Edith Celley has left quite a legacy in Haverhill, NH and for our preservation community – in revived buildings, as a model of effective leadership, and with good plans still in progress.
She was born in Haverhill, and was valedictorian of her high school class in 1945. After an early career with the US Army, she returned to Haverhill to care for her mother. She was then employed as a New Hampshire State Probation-Parole Officer, retiring in 1987. After a brief retirement she served for ten years with Grafton County Senior Citizen’s Council, first as Volunteer Coordinator, then as Director of Grafton County Retired and Senior Volunteer Program. Under her leadership this program was expanded to serve three nearby Vermont towns and became RSVP of the Upper Valley and White Mountains.
She served as Trustee of Haverhill Congregational Church, Haverhill Library Association, Atkinson House, and Haverhill Historical Society, was a member of the Haverhill Area Senior Services Advisory Council, the board of Grafton County Senior Citizens Council, and the Heritage Commission for the Town of Haverhill.
She devoted her retirement to Haverhill Heritage, Inc. (HHI) a nonprofit organization dedicated to the preservation and reuse of three abandoned school buildings in the Haverhill Corner National Register Historic District and to the preservation of any other threatened property in the Historic District. She served 11 years as president and received awards for her volunteer service from The Laconia Savings Bank, the Woodsville-Wells River Rotary and was named Citizen of the Year for 2012 by the Cohase Chamber of Commerce.
Under her leadership Alumni Hall, a 19th century Grafton County Court House and 20th century Haverhill Academy gymnasium and auditorium, was the first of the buildings to be rehabilitated and now serves the region as Court Street Arts at Alumni Hall. Photo below shows Edith leading discussion at a 2012 Preservation Alliance event there. This preservation and revitalization project won an award from the New Hampshire Preservation Alliance and was also selected in 2011 by that organization as one of New Hampshire’s 25 Milestone Projects of the last quarter-century. Photo below shows Edith leading discussion at a 2012 Preservation Alliance event there.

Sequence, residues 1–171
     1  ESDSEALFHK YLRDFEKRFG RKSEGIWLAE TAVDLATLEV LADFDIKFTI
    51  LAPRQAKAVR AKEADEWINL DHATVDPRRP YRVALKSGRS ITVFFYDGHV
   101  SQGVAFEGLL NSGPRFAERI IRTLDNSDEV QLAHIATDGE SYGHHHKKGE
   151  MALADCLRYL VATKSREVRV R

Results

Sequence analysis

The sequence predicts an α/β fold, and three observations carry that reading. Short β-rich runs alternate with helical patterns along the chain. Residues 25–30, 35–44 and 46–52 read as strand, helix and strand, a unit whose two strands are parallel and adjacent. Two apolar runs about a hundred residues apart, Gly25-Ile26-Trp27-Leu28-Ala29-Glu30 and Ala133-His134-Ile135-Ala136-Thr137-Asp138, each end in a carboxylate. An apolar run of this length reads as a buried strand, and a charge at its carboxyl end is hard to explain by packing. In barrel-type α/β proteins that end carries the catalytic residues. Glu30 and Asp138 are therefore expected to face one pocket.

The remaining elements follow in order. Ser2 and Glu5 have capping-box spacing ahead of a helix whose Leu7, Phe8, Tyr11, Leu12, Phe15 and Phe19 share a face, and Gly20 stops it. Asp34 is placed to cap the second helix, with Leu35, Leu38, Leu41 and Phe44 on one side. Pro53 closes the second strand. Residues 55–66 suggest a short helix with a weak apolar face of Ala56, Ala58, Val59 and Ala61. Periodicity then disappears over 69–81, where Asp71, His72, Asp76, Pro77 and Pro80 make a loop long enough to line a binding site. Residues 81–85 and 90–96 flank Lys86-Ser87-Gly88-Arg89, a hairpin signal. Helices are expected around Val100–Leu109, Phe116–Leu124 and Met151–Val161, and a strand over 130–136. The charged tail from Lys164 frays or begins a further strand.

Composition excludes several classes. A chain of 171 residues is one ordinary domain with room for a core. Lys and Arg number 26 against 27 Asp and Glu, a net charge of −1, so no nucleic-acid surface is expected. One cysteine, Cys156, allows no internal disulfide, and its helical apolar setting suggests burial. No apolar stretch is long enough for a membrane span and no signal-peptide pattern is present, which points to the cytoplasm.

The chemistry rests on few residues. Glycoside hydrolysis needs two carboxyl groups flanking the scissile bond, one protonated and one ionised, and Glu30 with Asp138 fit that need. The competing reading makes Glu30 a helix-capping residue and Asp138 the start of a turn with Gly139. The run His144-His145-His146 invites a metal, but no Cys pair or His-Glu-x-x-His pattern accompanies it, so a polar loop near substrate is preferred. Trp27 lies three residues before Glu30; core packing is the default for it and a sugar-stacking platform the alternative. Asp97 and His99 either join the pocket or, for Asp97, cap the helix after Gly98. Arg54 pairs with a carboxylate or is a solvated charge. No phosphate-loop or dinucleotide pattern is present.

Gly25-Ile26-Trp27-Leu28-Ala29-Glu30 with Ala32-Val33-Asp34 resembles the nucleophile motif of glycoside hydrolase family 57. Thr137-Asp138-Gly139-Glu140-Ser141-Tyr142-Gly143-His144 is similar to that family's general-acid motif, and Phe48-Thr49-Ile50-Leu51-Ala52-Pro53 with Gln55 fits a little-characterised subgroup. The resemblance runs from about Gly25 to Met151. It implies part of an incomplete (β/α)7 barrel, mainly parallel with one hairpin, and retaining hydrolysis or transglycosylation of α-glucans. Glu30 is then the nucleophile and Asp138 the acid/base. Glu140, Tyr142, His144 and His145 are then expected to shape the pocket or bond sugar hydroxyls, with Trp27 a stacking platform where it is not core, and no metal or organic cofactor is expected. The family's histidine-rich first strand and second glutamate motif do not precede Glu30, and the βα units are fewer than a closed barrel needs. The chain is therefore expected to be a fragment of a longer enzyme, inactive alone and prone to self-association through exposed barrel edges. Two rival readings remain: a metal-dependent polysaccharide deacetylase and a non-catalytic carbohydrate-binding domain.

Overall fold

During her tenure as president of HHI work was started on the other two 19th century school buildings. Haverhill Academy was sold and became a private residence. Pearson Hall, the original 1816 Haverhill Academy, was given to Haverhill Historical Society to preserve as their history museum.
After another brief period of full retirement in 2011, Edith assumed the Presidency of Haverhill Historical Society as preservation and revitalization work on Pearson Hall was well underway. She successfully nominated Pearson Hall for the NH Preservation Alliance’s list of Seven to Save in 2011 and continued working to complete this effort and fully develop its reuse as a heritage center, reference library and educational facility.
A Celebration of Life will be held at Alumni Hall, 75, Court Street, in Haverhill Corner on Saturday, Jan. 6, 2018, at 2 p.m., with a social gathering following the service.
In lieu of flowers contributions may be made to Haverhill Heritage, Inc., dba Alumni Hall, PO Box 125, Haverhill, NH 03765.
For more information or to offer an online condolence, please visit www.rickerfh.com.